The Associated Press

June 5, 2002

Kokomo’s mysterious hum has caught the ear of a national lobbying organization dedicated to reducing noise pollution.

Noise Free America has selected the city to receive its June “Noisy Dozen” award, granted to cities nationwide that tolerate or permit and unacceptable and potentially harmful level of noise, said Ted Rueter, executive director of the lobby group.

“We are trying to mobilize activists throughout the country,” Rueter said. “We would like people to feel more free to speak up about noise.”

It is the first time Noise Free America has presented the award to a city because of low-frequency noise, Rueter said. Boom car stereos, rowdy nightlife, low-flying airplanes, and barking dogs have earned other cities the distinction.

Kokomo was chosen after several local residents nominated the city for the award, Rueter said.

One of the residents, Kathie Sickles, said Noise Free America contacted her after they heard about the Kokomo hum through The Associated Press and other media reports.

As many as 90 people in this industrial, central Indiana city of about 47,000 have complained about a low-frequency him over the past three years, City Attorney Ken Ferries said.

While most residents don’t hear a thing, beyond the typical sounds of the city’s factories and busy roads, the City Council approved a $100,000 study of the mysterious noise, often described as the constant idle of a tractor trailer’s diesel engine.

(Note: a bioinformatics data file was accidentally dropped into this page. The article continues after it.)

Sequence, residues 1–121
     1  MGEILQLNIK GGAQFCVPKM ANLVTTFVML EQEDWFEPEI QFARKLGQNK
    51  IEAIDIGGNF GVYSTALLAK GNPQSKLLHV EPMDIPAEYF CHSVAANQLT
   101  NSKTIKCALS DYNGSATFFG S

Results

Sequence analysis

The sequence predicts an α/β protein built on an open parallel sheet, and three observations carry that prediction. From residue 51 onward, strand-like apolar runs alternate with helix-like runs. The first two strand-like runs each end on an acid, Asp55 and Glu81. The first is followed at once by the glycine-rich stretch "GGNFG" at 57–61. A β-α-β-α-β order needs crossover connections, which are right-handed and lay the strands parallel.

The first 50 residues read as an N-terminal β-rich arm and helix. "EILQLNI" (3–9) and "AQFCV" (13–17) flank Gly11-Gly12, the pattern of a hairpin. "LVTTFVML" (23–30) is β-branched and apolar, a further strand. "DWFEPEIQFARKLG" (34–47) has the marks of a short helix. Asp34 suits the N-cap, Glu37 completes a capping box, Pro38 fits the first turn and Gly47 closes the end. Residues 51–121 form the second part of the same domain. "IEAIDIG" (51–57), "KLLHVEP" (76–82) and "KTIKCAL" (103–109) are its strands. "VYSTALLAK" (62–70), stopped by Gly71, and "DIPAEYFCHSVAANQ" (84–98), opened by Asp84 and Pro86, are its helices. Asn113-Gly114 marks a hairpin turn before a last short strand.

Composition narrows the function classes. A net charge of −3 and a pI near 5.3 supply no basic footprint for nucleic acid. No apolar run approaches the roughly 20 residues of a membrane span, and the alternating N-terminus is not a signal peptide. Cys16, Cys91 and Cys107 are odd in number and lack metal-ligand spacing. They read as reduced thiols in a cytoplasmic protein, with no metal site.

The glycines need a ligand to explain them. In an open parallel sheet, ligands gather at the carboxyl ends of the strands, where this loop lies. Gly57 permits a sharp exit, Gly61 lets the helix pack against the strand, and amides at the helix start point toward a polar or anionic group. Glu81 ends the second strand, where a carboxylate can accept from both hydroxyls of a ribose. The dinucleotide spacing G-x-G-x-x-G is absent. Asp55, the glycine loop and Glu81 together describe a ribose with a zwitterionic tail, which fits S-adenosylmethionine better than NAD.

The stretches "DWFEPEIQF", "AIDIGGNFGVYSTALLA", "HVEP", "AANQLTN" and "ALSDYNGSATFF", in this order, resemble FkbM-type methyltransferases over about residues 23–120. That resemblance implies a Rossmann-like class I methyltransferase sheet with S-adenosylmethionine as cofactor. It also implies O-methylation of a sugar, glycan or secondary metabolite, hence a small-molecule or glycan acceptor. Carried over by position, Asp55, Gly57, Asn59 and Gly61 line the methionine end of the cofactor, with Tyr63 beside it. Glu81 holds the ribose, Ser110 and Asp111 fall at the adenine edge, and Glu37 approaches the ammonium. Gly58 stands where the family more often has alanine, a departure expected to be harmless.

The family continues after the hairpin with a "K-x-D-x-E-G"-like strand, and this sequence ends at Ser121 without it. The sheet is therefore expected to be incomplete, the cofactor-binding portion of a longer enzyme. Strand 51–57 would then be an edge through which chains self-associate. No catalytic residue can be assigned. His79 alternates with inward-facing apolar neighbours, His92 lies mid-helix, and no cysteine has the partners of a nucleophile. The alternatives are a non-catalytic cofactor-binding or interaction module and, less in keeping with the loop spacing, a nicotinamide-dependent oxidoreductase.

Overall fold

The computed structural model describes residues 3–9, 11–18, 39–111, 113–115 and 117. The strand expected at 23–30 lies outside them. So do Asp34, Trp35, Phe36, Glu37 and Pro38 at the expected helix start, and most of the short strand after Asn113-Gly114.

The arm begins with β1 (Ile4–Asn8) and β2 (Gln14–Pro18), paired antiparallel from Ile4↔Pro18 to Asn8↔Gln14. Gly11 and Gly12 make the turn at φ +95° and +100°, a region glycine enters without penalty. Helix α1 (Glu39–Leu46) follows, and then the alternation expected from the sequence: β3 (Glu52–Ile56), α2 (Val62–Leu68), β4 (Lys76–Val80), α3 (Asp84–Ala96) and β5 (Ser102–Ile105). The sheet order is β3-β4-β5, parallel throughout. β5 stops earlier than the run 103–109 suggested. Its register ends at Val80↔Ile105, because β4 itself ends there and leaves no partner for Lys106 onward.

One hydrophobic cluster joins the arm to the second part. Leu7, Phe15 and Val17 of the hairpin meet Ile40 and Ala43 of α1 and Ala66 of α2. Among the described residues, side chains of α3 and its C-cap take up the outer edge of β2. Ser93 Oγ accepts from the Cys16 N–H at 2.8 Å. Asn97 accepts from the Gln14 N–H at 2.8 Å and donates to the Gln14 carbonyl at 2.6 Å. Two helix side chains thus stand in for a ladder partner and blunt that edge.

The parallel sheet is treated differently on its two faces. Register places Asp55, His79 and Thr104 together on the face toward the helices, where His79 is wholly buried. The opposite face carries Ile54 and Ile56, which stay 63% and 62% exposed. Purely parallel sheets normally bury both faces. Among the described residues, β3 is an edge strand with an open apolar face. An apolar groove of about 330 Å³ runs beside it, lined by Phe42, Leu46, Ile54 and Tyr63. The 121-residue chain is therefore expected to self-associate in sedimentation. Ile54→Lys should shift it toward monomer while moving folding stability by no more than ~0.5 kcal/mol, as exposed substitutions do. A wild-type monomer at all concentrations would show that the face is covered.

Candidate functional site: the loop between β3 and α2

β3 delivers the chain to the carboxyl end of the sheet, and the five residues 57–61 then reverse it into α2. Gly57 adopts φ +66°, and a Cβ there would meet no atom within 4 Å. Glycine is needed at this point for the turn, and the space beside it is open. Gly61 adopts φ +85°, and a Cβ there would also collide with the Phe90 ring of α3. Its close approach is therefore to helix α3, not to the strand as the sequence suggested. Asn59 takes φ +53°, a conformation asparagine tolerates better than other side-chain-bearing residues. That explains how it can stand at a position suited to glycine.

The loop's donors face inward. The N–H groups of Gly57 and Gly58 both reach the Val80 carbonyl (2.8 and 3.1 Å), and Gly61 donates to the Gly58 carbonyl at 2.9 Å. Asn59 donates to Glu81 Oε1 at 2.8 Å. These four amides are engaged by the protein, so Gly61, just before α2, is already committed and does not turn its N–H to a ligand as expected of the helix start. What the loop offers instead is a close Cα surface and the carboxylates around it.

Ferries is developing a request for proposals, a first step toward hiring someone to do the study.

The request for proposals could ge before the Board of Works within the next several weeks, said Ferries.

Sickles, who blames the hum for health problems. hopes the Noisy Dozen award might encourage more local residents to either notice the hum sound or to come forward if they are sick because of it.

“This community needs to know that there are other people out there that know about this,” Sickles said. “There are organizations that recognize and are willing to help communities fight their problems.”

But Kokomo city leaders contacted Tuesday by The Kokomo Tribune said they knew nothing about Noise Free America or its Noisy Dozen award.

“We don’t even know that they’re credible,” said Mayor Jim Trobaugh. “Unless those people have been here, unless they’ve heard the noise, unless they’ve interviewed people here, I wouldn’t think there’s any credibility to it at all.”